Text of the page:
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Rash decisions

When you’re new to the baby-raising game, every bump or discoloration can seem to be cause for alarm, but there’s no need to panic just yet. William Sears, MD, pediatrician for more than 30 years and renowned author of more than 40 books on child care, offers the following tips on calmly caring for your...

When you’re new to the baby-raising game, every bump or discoloration can seem to be cause for alarm, but there’s no need to panic just yet. William Sears, MD, pediatrician for more than 30 years and renowned author of more than 40 books on child care, offers the following tips on calmly caring for your babe’s bottom.


All babies have diaper rash. It’s a misconception that a baby’s skin will always be as soft and smooth as the day he is born. In fact, diaper rash is a common and normal occurrence in babies’ lives. Whether newborns or curious crawlers, babies rub around in their diapers, causing friction. When that friction is combined with moisture, bacteria and yeast from their urine and stools, diaper rash is bound to happen.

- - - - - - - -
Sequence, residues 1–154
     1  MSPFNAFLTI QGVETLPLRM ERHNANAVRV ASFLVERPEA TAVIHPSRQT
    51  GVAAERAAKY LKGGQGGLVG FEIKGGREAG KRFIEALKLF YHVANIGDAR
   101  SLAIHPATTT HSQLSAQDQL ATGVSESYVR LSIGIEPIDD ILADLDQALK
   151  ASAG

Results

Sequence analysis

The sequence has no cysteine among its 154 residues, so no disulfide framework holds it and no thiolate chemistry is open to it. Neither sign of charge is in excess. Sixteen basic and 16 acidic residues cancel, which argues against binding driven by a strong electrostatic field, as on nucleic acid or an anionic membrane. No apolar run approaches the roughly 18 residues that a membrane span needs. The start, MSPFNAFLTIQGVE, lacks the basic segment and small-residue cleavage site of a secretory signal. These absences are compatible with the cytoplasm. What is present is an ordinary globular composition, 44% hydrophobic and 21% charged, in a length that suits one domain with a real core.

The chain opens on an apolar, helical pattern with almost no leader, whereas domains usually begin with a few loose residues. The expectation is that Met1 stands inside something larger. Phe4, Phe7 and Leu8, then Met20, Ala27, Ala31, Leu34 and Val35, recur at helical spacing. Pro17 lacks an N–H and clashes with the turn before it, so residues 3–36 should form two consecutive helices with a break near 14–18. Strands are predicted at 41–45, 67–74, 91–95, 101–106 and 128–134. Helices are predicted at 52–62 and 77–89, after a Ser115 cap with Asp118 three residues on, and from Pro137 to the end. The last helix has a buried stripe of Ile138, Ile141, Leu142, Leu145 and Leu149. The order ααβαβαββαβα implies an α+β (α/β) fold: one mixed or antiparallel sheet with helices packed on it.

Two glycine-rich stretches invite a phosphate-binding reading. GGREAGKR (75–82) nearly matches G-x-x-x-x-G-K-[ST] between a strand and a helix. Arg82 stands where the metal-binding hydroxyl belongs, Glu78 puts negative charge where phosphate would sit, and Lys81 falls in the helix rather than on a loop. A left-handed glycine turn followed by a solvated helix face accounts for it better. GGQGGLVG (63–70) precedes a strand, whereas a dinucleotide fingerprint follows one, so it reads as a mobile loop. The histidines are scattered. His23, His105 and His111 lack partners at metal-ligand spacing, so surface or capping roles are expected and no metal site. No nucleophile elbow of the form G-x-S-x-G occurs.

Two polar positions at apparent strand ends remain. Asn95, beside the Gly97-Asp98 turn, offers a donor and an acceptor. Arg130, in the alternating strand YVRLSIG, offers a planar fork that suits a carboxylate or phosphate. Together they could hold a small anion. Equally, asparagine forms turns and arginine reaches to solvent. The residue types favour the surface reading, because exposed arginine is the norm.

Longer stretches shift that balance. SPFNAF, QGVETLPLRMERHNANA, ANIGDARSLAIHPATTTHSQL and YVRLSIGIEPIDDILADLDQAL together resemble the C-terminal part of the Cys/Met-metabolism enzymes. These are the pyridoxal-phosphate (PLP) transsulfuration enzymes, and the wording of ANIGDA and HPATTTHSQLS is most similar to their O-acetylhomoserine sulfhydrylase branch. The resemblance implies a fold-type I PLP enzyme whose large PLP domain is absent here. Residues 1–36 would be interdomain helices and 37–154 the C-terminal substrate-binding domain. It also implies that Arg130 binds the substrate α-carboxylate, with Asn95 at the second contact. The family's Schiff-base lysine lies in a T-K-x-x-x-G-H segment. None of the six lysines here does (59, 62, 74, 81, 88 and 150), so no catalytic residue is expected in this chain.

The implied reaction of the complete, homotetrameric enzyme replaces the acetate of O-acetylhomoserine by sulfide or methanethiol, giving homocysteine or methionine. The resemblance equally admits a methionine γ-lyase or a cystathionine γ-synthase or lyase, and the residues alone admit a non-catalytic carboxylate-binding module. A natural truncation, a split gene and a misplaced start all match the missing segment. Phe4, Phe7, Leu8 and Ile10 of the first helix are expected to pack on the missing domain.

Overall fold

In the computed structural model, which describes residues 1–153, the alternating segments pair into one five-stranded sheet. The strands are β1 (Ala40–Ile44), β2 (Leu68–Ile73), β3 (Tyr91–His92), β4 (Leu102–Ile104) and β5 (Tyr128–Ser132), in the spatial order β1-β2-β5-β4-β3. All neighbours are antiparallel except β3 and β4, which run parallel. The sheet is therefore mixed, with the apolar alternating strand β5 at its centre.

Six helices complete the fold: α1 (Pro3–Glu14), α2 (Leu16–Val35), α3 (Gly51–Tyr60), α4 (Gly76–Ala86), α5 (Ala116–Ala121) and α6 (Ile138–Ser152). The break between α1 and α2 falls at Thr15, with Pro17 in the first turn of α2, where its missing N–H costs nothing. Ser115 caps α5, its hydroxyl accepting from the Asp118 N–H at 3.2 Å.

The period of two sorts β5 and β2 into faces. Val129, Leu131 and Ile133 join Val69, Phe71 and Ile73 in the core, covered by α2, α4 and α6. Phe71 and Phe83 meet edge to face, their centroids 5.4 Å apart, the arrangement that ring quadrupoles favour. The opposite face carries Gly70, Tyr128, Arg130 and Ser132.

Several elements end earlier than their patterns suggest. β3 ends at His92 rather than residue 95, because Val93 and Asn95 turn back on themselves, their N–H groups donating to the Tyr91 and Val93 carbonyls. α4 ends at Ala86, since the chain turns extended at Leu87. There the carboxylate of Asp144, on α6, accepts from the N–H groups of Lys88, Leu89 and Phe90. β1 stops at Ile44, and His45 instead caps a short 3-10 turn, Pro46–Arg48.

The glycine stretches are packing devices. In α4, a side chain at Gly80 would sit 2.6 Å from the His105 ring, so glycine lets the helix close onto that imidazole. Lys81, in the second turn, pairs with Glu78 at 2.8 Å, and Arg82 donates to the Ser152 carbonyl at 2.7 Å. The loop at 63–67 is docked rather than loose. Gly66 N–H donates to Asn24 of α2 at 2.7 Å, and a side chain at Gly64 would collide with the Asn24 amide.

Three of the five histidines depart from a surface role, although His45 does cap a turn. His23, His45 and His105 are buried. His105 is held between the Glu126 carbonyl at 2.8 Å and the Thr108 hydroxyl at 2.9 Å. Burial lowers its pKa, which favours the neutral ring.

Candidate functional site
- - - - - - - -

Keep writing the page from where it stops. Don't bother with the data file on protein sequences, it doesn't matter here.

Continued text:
Diligence is key.
For newborns who regularly suffer from diaper rash, you should change soiled diapers or air out the unsoiled ones at least every two hours. Poopy diapers should be changed immediately. This routine may be difficult at first, but the frequency of stool movements will diminish as your baby grows. Parents with little ones who experience less
diaper rash can then become more lax in changing regularly.
Change it up.
If your newborn is suffering from diaper rash, try varying your diapering routine. This means using another brand of disposable diapers and/or switching to unscented wipes or plain water for cleaning. If you use cloth diapers, try adding a half-cup of vinegar to the rinse cycle to help remove alkaline irritants.
Treat bottoms with all natural creams.
To avoid diaper rash, use a daily preventative cream after each change to moisturize and protect baby’s delicate skin. Be sure to cleanse and thoroughly dry the area before application. For those with a severe diaper rash, try a thicker treatment cream with the skin protectant zinc oxide, to alleviate pain and offer immediate, refreshing relief. Due to babies’ sensitive skin, creams should always be all natural and free of harmful chemicals. Be vigilant about carefully reading the labels on any products you use on your baby’s skin.
For more diaper rash and baby care tips—and for information on Dr. Sears’ all natural baby care line (including diaper rash prevention and treatment creams)—visit askdrsears.com.

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